As investment houses ramp up their efforts in the collateralized debt obligation (CDO) sector, a move towards inclusion of alternative asset types in collateralized bond obligation (CBO) and collateralized loan obligation (CLO) issuance is paving the way for a strong CDO showing for the year 2000, market participants say.

Not only do multi-sector CDOs present excellent arbitrage opportunities due to higher yielding coupons, but this type of security is usually not subject to the market volatility inherent in emerging markets or high yield paper.

"I definitely expect CDO issuance to increase next year," said Bryan Gordon, an analyst at Duff & Phelps Credit Rating Co., "especially because the movement toward including these other assets is sort of widening the base of essential assets to be CBO'd'.

"It has thrown open the floodgates and there are a lot of things that people didn't think to be a securitizable asset in the past, which is now coming to the fore."

Indeed, the CBO "technology" is being used more often, Gordon says, and there is bound to be more of it in the future. According to Moody's Investors Service, CDO issuance totaled $90 billion in 1998, up from about $18 billion in 1996. This year, issuance is slightly higher than $90 billion, and analysts say that it will continue to grow next year.

"I would expect the [CDO] market to grow by at least 10% next year," Gordon said.

"There really hasn't been any major hiccups in the deals by and large last year," added Mike Mancini, an analyst at Fitch IBCA. "We were very busy all year long, and I think CBO/CLO issuance will naturally grow next year."

A Great Arbitrage

Investment banks such as PaineWebber Inc. have recently grown their CDO businesses in order to take advantage of what is currently considered a hot market.

Though issuance in market-value CBOs - the structures that typically have the most diverse asset classes - had dropped off this year relative to the volatility the market experienced in the autumn, credit spreads for cashflow up-front deals have "generally been perfect," Mancini said, and there has been no slowdown even with Y2K concerns.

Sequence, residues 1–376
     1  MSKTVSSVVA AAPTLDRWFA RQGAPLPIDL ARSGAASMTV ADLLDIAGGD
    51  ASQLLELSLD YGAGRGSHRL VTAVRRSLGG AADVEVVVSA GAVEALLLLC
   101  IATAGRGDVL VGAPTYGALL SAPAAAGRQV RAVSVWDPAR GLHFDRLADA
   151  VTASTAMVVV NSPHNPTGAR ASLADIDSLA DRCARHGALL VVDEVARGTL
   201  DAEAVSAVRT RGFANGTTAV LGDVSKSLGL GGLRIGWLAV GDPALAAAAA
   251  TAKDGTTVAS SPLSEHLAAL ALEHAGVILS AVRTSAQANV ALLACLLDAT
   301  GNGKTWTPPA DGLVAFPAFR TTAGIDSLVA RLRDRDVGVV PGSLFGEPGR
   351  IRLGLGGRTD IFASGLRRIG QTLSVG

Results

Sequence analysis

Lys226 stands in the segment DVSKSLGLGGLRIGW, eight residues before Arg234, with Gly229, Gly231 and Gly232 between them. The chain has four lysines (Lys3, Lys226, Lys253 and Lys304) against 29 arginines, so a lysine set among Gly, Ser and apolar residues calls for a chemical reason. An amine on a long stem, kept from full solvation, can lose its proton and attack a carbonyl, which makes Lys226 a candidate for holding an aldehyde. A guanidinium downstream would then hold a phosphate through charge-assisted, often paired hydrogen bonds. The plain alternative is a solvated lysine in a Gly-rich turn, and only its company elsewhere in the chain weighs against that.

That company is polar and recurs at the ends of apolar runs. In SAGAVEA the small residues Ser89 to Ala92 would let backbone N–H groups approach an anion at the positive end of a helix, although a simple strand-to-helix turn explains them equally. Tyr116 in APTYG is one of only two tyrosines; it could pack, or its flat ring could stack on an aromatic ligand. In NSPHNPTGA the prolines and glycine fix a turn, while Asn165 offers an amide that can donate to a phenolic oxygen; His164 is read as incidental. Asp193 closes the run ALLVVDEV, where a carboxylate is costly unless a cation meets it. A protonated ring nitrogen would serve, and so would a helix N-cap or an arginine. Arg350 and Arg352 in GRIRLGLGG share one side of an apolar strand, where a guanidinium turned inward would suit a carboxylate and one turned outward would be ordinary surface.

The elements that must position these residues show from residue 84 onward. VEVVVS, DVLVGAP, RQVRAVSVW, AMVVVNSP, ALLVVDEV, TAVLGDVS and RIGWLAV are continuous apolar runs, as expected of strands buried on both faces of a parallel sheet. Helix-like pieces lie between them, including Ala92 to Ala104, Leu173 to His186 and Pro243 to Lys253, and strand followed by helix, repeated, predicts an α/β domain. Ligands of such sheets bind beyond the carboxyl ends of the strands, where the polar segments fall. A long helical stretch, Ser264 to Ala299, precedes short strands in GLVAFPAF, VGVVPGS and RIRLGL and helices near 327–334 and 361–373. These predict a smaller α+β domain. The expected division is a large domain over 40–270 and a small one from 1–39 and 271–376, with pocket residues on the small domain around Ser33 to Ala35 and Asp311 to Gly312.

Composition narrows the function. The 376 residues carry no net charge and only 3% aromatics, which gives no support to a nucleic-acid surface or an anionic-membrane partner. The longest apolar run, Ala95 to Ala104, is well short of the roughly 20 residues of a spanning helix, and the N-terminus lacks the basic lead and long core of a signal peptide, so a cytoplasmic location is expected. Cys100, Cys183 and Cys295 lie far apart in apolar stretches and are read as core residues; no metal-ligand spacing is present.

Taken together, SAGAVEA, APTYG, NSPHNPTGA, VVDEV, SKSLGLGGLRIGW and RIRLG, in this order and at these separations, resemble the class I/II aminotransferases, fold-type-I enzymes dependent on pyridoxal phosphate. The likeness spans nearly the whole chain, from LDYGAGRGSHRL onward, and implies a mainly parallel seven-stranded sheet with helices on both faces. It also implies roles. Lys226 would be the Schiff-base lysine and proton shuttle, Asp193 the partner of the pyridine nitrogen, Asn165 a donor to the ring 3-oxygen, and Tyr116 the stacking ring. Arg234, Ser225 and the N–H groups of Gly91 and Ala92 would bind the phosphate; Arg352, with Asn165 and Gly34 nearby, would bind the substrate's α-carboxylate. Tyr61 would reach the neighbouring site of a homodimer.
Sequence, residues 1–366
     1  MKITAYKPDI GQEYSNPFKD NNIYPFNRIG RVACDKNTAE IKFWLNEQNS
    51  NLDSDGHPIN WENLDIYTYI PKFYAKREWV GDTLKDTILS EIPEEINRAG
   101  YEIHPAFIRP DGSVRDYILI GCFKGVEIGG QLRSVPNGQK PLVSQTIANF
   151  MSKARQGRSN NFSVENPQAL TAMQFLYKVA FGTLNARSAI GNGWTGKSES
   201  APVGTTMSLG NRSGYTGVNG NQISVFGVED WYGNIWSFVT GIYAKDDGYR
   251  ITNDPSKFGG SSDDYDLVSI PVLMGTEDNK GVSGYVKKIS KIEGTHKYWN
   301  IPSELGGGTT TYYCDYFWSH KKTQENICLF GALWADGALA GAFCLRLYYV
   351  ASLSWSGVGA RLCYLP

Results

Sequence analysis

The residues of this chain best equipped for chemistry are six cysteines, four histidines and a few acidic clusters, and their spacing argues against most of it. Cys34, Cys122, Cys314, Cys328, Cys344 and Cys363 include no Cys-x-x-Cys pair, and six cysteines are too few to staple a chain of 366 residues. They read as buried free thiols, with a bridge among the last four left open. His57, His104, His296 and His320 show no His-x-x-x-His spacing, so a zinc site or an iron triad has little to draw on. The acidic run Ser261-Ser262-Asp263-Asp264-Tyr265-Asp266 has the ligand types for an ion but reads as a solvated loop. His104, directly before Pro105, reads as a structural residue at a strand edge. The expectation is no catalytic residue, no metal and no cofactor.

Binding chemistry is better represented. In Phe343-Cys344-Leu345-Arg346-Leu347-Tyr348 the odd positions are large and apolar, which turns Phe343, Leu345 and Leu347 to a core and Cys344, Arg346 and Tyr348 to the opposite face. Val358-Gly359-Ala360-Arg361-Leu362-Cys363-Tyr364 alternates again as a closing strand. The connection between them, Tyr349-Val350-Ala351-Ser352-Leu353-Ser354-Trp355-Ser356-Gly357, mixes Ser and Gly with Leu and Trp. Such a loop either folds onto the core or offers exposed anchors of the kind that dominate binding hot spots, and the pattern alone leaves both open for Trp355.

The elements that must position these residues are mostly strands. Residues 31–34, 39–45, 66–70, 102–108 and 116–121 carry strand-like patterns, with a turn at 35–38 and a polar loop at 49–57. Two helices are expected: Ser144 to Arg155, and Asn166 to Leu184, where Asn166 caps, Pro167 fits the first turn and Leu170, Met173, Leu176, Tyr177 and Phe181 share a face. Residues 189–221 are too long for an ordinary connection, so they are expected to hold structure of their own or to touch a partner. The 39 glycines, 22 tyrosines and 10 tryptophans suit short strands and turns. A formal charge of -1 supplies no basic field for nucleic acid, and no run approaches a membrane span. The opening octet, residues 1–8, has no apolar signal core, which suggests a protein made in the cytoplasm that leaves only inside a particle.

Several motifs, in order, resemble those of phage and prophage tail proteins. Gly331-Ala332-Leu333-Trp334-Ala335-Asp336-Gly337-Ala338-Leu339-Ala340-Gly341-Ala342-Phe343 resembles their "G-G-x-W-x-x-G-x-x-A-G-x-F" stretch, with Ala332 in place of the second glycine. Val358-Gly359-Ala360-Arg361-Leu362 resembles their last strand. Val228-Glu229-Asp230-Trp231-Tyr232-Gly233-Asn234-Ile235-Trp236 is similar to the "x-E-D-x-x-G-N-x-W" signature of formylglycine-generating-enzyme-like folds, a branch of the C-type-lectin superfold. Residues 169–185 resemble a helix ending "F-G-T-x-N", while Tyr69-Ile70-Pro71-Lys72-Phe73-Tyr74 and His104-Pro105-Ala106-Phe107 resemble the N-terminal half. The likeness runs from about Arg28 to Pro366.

"In a cashflow deal, as long as the individual bonds pay off and it doesn't default, then you are realizing a pretty rich arbitrage," he added. "You're buying at a discount and getting a 10% or 11% coupon, and it is not subject to market volatility unless you have to sell an asset because it is not performing or if there is a credit concern. That arbitrage is just very good right now."

Moreover, activity has also picked up because now CBOs can be 100% ABS, as opposed to previous years, when cashflow CBOs would allow only a 5% bucket for structured finance.

"There is a belief in the marketplace that ABS deals don't default as often as corporates do," Duff's Gordon said. "An equivalently rated ABS deal has a lower likelihood of default than a corporate does, at least that is the general consensus prevalent in the marketplace."

Therefore, a CBO of asset-backed securities is more likely to have a stable ratings prospective than one which is all high yield debt, for instance.

Typically, CBOs are comprised of high yield bonds, bank loans or a combination of the two, and occasionally private equity. According to Mancini, these types of CBOs have almost become "commoditized products" in certain shops that have solid cashflows and process deal after deal.

Still Some Doubts Left

Despite the lofty predictions for the CDO market, both lingering market volatility and growing credit deterioration still cast a shadow over any rosy projections.

"Several asset pools backing CBO/CLO issues have experienced significant deterioration in credit quality and asset value," said David Tesher, an analyst at Standard & Poor's Ratings Service. "Higher than expected instances of rating downgrades and actual defaults of underlying bond and loan assets have left investors facing a lower likelihood of ultimate principal repayment and, in some cases, lower interest cashflow coverage."

Despite this factor, Tesher maintains that CBO ratings are quite stable overall. According to his recent report, only three issues have been downgraded since 1995, when the CDO market first began its resurgence.

However, concerns about the market and the after-effects of last year's Asian crisis still exist in the minds of some dealers.

"Recent performance trends in the global CBO/CLO market demonstrate that these securities, like other structured financings such as asset and mortgage-backed securities, are not immune from post-issuance ratings volatility," Tesher added.

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